Academic independence needs to be safeguarded: report


Research conducted by universities is increasingly compromised by the companies or the organisations who commission it, the Royal Netherlands Academy for Arts and Sciences (KNAW) has said in an advisory report out on Tuesday.

Although the academy has not found ‘any signs of structural self-censorship or lack of diversity of perspective’, the government and politicians have to remain ‘alert’ to the danger of socially relevant research curtailing academic freedom and ‘undesirable influence from a financier on methods, interpretation and publication of results’, the KNAW writes.

The report comes in the wake of concerns raised last year by the then VVD MP Pieter Duisenberg which centred on possible self-censorship and left-leaning political bias at Dutch universities.

Nico Schrijver, the chairman of the KNAW committee responsible for the findings says there is cause for concern. ‘Research policy is being forced in a certain direction. Universities have less financial room for independent research,’ he told the NRC.

But the accusation of political left-wing bias he dismissed as ‘irrelevant’. ‘You can’t really say such and such a university is a left-wing bastion.

Both left and right are represented. There are many left-wingers among political scientists but equally the business economy department will have few GroenLinks voters,’ the paper quotes him as saying. ‘We don’t need to know as long as everyone abides by the scientific rules.’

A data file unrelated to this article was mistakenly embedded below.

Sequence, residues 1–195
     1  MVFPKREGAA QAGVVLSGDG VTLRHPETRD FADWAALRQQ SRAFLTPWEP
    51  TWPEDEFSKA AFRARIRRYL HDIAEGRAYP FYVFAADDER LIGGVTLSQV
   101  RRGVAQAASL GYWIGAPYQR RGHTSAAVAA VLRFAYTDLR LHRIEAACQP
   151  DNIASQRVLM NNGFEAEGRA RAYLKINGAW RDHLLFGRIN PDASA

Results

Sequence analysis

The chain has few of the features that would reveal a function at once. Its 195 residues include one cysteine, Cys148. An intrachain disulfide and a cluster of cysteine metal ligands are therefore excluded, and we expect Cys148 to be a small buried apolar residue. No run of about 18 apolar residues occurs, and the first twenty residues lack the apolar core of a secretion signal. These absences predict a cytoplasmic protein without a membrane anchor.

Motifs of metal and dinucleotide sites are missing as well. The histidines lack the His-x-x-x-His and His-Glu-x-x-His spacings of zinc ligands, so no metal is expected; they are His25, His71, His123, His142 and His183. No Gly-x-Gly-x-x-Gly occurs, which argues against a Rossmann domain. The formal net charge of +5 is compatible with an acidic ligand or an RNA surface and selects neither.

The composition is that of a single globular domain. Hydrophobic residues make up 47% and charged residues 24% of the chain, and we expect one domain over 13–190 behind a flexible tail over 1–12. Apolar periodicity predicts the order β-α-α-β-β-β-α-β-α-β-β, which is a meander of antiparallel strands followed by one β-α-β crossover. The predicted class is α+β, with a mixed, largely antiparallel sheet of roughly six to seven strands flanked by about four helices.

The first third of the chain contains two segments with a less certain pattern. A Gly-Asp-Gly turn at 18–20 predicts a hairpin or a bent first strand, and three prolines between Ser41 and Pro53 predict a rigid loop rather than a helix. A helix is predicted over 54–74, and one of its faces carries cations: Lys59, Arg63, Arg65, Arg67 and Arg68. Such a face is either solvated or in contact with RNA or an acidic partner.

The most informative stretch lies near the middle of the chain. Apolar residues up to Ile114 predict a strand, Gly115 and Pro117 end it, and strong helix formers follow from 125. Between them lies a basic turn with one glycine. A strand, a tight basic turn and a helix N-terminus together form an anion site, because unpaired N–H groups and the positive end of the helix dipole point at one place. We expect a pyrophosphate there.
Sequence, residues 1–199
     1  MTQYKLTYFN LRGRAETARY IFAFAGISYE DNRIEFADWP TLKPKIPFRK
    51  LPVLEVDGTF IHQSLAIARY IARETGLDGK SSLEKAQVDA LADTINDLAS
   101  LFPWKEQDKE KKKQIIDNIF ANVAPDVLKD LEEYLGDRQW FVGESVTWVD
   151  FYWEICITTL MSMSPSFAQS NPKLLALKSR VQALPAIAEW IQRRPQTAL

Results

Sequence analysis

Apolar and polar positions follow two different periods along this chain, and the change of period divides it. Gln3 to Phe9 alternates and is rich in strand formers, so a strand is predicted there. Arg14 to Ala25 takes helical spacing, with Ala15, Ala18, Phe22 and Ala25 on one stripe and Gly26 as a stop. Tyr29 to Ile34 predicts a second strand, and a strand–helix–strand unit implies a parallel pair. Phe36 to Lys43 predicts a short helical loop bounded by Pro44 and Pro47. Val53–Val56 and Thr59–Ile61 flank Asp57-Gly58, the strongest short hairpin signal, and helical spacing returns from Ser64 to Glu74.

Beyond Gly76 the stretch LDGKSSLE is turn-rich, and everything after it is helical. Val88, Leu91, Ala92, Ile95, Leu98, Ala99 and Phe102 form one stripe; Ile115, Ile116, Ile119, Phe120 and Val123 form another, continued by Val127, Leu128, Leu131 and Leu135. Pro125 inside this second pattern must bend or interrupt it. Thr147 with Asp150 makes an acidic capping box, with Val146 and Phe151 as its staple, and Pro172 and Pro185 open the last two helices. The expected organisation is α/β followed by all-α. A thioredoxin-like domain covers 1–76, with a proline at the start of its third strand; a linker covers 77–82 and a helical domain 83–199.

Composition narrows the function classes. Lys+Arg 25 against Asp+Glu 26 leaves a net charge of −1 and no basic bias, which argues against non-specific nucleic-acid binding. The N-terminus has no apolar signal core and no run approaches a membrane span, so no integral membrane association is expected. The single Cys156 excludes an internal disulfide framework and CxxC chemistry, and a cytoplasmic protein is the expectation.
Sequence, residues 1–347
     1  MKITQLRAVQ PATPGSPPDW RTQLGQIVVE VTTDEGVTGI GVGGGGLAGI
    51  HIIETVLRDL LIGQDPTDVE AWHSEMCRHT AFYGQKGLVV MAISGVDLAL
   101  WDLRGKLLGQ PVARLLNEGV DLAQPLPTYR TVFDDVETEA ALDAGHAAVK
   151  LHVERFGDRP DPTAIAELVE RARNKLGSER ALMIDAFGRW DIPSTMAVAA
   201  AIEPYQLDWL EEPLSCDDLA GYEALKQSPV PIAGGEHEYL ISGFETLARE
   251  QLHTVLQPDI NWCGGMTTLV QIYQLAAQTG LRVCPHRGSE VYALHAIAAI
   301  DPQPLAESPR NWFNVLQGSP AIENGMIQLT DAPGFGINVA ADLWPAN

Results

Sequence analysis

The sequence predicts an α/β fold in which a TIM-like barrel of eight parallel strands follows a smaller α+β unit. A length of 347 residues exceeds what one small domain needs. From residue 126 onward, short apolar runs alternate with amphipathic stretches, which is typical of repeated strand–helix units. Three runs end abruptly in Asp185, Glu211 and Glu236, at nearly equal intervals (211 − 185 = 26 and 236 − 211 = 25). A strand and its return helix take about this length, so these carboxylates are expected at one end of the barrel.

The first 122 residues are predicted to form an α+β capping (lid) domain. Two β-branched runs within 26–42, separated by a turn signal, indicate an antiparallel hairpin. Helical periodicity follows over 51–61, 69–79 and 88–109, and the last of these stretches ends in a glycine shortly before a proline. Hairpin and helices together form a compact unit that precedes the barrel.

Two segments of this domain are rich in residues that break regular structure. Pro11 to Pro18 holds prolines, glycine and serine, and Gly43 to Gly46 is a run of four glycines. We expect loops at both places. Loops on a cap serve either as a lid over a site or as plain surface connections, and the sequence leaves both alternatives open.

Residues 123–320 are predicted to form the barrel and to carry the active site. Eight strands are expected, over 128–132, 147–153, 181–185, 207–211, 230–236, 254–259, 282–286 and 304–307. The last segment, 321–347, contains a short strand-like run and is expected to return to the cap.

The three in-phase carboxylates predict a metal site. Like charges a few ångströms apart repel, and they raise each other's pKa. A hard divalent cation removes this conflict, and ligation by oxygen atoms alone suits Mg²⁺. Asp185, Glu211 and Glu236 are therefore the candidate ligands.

Corporate cash

KNAW says money provided by companies is a greater threat to scientific independence than a lack of diversity of perspective, which Schrijver said is also determined by the ‘spirit of the times’.

Among the examples cited by the NRC of  ‘a tenuous relationship with scientific freedom’ is a report by the Rotterdam School of Management called Wederzijds Profijt (Mutual profit) paid for by Shell, AkzoNobel, DSM, Philips and Unilever which recommended lower costs for big corporations.

The report played a part in bringing about a controversial measure which gave corporations a tax break for innovation. The names of the sponsors did not appear in the report, the NRC said.